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A Picture’s Worth a Thousand Hashtags: How image recognition will power the future of analytics

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What are the latest developments in visual search and image recognition? This talk, presented at Marketing Week Live in March 2017 (London, UK), offers a framework for visual search, discusses the Visual Data Gap, and examines what companies such as Google, Pinterest, and a range of startups are doing. It then offers examples of visual search analytics, and finally goes into areas that will be impacted by this, such as risk management, social listening, competitive intelligence, creative optimization, and customer service.

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A Picture’s Worth a Thousand Hashtags: How image recognition will power the future of analytics

  1. 1. A picture’s worth a thousand hashtags: How image recognition will power the future of analytics David Berkowitz Chief Strategy Officer Sysomos dberkowitz@sysomos.com www.sysomos.com @sysomos / @dberkowitz
  2. 2. About this presentation This talk was presented to Marketing Week Live in London in March 2017. A Texan version of this was delivered to W2O Group’s Pre-Commerce Summit during SXSW that month. If you prefer Frito pie to bangers and mash, I will gladly send you the W2O edition. Sources for information shown in slides are presented as links in the bottom- left corner. Further details about sources, where applicable, are also included in the notes field when downloading this presentation. To share your feedback or discuss this further, please contact me at dberkowitz@sysomos.com. Thank you. David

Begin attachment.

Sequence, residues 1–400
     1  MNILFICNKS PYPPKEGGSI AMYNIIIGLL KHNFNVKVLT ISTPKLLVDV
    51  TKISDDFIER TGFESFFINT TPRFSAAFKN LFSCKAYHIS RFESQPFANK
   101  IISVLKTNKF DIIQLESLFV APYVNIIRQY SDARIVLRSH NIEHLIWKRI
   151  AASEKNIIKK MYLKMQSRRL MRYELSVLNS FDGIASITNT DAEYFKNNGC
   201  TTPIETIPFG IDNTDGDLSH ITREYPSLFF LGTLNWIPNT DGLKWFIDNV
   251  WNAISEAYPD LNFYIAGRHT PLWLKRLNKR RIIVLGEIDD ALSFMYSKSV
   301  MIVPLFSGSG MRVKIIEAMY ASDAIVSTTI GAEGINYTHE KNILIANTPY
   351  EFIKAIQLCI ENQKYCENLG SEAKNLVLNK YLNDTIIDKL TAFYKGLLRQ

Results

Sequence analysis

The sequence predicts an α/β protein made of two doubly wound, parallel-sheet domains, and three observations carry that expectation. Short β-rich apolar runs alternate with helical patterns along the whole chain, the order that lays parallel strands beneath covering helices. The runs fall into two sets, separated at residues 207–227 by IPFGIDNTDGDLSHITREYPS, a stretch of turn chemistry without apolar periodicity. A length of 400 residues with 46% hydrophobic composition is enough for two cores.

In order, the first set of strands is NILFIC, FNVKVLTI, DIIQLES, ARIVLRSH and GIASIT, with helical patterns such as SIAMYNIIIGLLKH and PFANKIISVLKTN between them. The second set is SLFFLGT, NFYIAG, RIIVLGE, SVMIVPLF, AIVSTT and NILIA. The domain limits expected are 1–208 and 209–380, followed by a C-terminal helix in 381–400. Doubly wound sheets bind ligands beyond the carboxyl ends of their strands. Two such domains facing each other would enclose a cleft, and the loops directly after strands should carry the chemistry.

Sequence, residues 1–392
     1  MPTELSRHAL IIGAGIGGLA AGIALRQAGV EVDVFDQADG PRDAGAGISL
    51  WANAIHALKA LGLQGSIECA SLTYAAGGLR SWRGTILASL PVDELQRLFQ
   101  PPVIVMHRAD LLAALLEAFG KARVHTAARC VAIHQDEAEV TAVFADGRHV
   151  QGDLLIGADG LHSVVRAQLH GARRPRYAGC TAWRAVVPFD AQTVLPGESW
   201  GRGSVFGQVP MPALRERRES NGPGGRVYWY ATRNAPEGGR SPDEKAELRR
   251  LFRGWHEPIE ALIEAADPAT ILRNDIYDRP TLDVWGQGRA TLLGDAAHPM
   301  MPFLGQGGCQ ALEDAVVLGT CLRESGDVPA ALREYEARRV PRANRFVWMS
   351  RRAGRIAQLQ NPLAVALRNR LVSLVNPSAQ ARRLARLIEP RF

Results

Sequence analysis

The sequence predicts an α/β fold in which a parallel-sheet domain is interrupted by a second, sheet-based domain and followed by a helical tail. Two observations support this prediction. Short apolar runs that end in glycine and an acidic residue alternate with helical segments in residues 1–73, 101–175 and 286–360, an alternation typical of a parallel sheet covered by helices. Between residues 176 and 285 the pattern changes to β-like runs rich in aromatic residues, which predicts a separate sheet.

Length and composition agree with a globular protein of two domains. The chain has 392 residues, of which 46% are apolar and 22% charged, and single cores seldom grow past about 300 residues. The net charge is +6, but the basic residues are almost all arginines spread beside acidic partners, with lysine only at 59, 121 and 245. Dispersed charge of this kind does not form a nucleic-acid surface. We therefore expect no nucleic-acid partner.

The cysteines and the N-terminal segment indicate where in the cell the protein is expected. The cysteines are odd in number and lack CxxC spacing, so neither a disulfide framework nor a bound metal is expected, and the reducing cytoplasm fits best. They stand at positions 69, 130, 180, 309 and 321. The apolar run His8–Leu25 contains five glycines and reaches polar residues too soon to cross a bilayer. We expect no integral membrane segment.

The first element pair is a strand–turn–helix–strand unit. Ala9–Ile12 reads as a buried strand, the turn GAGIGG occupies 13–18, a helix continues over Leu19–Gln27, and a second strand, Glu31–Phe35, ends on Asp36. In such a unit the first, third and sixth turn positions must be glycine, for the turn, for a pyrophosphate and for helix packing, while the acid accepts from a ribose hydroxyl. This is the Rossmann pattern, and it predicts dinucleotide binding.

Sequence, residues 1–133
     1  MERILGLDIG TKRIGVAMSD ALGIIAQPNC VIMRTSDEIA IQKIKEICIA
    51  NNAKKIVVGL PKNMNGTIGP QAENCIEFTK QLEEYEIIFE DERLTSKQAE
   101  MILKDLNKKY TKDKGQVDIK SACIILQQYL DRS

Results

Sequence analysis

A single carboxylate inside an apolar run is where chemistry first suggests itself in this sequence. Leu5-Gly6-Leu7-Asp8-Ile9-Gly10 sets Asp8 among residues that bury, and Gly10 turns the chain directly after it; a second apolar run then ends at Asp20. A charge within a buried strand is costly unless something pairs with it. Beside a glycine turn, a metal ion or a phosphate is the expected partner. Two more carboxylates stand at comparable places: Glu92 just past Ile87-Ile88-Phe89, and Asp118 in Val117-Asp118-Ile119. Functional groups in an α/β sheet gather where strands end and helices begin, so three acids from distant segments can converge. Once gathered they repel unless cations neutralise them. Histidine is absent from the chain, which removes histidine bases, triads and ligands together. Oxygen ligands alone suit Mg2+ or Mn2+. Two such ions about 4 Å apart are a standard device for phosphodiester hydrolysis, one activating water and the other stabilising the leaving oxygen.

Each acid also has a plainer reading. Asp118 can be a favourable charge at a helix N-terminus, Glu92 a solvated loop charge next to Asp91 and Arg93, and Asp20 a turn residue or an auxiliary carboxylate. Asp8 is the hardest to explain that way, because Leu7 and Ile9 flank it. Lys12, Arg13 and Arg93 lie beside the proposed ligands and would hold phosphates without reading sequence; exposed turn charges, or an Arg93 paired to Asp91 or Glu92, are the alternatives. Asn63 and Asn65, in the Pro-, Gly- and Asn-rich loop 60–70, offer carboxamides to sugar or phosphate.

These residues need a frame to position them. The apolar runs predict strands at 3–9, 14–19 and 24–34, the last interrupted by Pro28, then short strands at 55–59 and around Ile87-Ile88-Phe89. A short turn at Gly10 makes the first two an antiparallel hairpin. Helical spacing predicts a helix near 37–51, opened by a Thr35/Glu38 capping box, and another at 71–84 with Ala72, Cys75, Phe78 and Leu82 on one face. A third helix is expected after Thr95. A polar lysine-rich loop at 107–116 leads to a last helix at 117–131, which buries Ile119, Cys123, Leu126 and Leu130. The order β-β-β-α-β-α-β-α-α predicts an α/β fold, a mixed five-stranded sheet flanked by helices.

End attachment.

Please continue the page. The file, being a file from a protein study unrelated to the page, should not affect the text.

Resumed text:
3. 3. And now for something completely standard: an agenda • A brief history of nearly everything visual search • Why visual search matters • How Google, Pinterest, and others are deploying it • How marketers can use it • Numerous gratuitous references to all things British
  4. 4. Not British, but just a Chunnel ride away
  5. 5. How would you #HASHTAG the Mona Lisa?
  6. 6. #YOLO
  7. 7. Mona Lisa #Hashtags • #MonaLisa • #art • #painting • #woman • #lady • #smile • #smug • #Italian • #DaVinci • #epic • #outdoors • #masterpiece • #sky • #France • #LaGioconda • #badhairday • #beautiful • #Louvre • #Renaissance • #portrait This is a futile exercise. One can’t simply capture the Mona Lisa in hashtags. It points to the need for better ways to identify and analyze visual content. Text and hashtags alone don’t cut it.
  8. 8. Textual Media Visual Media We are here.
  9. 9. Drop in a bucket visual The Visual Data GapRecall how pictures are worth a thousand words? There is so much more data in images (‘the sun’) than there is in text (represented metaphorically by the planets).
  10. 10. A Short History of Nearly Everything Visual
  11. 11. Dual British/ American citizen
  12. 12. A challenge of Shakespearean proportions: “His reasons are as two grains of wheat hid in two bushels of chaff: you shall seek all day ere you find them, and when you have them, they are not worth the search.” -Bassanio, The Merchant of Venice
  13. 13. Number of object categories out there 15,000There are 15,000object categories Source: IEEE
  14. 14. Source: Computer Vision by Richard Szeliski For fun, I included a few examples of early attempts at machine- powered object recognition.
  15. 15. Source: Computer Vision by Richard Szeliski